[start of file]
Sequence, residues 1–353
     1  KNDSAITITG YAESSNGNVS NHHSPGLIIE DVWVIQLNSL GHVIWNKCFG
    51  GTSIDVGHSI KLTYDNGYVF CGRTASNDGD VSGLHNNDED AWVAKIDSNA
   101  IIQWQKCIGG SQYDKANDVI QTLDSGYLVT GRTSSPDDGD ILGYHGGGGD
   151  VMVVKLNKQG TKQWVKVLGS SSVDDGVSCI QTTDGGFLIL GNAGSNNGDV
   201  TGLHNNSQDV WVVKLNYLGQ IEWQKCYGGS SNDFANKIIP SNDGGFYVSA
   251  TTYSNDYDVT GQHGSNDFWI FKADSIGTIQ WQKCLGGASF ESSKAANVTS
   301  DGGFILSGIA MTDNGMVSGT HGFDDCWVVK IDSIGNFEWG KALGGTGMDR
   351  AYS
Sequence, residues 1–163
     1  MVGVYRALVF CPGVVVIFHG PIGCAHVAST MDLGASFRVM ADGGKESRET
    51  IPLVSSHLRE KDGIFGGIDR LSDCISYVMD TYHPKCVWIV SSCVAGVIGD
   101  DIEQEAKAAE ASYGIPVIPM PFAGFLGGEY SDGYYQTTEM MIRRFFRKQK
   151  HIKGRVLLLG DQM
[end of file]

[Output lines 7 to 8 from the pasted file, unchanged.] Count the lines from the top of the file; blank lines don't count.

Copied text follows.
   251  TTYSNDYDVT GQHGSNDFWI FKADSIGTIQ WQKCLGGASF ESSKAANVTS
   301  DGGFILSGIA MTDNGMVSGT HGFDDCWVVK IDSIGNFEWG KALGGTGMDR